Breathing rhythm associated with brain activity, affects emotional judgment and memory recall

Breathing rhythm associated with brain activity, affects emotional judgment and memory recallResearchers found that the rhythm of breathing creates electrical activity in the human brain that enhances emotional judgment and memory recall. In the study, participants were able to detect the fear in one’s face quicker when they were breathing in, as opposed to breathing out.

Lead author Christina Zelano explained, “One of the major findings in this study is that there is a dramatic difference in brain activity in the amygdala and hippocampus during inhalation, compared with exhalation. When you breathe in, we discovered you are stimulating neurons in the olfactory cortex, amygdala, and hippocampus, all across the limbic system.”


The researchers studied seven participants with epilepsy who were scheduled for brain surgery. A week before surgery, the patients received electrode implants in their brains to identify the origin of seizures. The researchers measured electrical signals as the participants’ brain activity fluctuated depending on their breathing. The researchers found that activity occurred in the areas of the brain controlling emotions, memory, and smells.

The amygdala is strongly linked to emotional processing, so the researchers made 60 participants make rapid decisions about emotional expression while their breathing was being recorded. The participants were presented with facial images of either fear or surprise.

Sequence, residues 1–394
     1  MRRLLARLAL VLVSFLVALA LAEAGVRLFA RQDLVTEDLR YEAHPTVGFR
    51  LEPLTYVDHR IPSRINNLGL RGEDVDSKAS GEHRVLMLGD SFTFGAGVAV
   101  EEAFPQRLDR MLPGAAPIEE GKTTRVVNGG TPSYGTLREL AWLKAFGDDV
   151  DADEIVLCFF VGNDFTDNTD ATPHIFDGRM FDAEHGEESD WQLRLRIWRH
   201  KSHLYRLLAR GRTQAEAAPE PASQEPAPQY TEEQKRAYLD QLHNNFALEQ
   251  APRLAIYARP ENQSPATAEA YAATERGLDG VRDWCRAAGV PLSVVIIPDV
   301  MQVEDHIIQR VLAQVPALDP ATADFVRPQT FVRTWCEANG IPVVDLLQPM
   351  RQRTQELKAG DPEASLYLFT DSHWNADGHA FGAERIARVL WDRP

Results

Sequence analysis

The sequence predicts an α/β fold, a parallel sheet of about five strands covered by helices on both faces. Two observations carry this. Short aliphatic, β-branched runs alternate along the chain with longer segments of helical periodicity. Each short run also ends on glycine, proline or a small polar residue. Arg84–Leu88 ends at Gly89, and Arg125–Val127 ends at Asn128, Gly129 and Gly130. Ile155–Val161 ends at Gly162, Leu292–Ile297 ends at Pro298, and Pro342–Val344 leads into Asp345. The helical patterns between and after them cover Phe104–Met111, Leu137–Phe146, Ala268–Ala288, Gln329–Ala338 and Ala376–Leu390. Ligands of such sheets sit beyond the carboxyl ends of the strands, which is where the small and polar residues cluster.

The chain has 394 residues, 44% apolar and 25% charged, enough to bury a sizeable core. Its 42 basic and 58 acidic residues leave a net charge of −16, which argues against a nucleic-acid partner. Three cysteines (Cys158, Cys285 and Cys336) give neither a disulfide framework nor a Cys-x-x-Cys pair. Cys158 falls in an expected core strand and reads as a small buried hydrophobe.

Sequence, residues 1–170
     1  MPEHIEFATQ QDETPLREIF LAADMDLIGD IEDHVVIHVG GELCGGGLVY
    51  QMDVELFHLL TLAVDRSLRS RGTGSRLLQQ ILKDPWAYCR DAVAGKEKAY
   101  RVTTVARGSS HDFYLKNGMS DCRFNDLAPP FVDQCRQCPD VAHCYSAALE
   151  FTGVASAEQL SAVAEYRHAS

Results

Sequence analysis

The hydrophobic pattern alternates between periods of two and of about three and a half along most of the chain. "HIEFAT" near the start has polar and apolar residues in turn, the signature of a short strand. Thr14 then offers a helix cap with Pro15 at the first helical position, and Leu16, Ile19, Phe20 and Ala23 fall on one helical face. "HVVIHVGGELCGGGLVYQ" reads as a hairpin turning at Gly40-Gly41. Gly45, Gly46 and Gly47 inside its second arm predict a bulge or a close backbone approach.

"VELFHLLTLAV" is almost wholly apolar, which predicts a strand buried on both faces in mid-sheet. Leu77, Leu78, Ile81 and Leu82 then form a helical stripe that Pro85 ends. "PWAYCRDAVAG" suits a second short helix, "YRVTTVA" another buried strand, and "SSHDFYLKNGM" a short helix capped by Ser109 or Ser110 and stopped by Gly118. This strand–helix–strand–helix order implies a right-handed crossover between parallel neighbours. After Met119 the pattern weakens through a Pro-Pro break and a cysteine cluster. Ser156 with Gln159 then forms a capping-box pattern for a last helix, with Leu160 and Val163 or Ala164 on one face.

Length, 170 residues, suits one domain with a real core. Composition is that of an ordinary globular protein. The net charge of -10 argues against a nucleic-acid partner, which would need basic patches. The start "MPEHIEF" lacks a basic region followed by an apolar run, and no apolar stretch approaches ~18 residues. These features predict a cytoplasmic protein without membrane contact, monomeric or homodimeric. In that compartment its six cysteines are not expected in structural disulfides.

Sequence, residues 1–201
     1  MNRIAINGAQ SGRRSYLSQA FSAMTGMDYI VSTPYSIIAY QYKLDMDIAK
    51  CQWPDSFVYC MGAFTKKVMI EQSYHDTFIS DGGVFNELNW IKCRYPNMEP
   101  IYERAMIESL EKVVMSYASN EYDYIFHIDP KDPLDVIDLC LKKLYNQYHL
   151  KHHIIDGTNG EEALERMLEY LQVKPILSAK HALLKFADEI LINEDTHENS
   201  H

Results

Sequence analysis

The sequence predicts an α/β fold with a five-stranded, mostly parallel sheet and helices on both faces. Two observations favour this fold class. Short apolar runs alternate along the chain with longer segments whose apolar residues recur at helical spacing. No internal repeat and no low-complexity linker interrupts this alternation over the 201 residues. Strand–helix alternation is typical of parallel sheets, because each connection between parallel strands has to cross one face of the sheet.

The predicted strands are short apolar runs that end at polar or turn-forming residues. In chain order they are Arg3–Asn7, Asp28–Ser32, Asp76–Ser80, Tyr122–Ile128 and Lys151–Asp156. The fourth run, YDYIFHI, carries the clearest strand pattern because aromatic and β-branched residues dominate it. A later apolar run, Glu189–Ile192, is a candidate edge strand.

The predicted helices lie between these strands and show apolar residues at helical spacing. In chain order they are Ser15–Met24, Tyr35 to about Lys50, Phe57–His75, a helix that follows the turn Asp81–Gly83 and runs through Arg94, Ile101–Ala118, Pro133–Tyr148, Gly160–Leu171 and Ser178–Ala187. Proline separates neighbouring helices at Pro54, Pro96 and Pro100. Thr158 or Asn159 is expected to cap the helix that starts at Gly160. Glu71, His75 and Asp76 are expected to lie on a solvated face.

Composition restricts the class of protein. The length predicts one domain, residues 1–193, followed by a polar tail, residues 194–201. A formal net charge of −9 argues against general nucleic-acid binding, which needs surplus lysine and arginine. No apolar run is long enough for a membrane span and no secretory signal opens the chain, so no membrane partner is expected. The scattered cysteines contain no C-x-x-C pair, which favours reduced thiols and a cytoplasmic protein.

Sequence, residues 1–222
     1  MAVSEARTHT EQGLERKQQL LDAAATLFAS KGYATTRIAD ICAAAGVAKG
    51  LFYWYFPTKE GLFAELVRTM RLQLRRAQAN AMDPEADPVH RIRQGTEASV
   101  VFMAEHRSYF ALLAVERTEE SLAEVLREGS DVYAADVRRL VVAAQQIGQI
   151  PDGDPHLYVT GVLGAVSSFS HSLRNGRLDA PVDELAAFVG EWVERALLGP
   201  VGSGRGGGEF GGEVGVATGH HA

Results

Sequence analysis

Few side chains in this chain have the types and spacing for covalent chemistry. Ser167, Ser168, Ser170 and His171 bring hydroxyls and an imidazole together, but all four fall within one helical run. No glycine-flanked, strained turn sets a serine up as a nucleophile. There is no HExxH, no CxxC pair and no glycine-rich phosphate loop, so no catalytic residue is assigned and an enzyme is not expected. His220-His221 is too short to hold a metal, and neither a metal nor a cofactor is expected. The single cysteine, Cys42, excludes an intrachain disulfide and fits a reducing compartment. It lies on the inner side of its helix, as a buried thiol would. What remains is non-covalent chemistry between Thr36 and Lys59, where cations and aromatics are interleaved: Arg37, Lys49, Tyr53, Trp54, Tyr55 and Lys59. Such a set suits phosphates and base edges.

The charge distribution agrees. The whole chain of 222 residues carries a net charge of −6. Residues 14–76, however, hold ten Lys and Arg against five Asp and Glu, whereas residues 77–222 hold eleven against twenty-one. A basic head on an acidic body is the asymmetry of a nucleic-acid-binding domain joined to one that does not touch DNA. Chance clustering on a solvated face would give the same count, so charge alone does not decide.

When the patients were inhaling, they could spot a fearful expression much quicker than when they were exhaling, but the same effect was not seen in the surprised facial images.

Zelano added, “If you are in a panic state, your breathing rhythm becomes faster. As a result, you’ll spend proportionally more time inhaling than when in a calm state. Thus, our body’s innate response to fear with faster breathing could have a positive impact on brain function and result in faster response times to dangerous stimuli in the environment.”

The findings suggest that rapid breathing can offer benefits when a person is in a dangerous situation.

Author Bio

Emily Lunardo studied medical sociology at York University with a strong focus on the social determinants of health and mental illness. She is a registered Zumba instructor, as well as a Canfit Pro trainer, who teaches fitness classes on a weekly basis. Emily practices healthy habits in her own life as well as helps others with their own personal health goals. Emily joined Bel Marra Health as a health writer in 2013.


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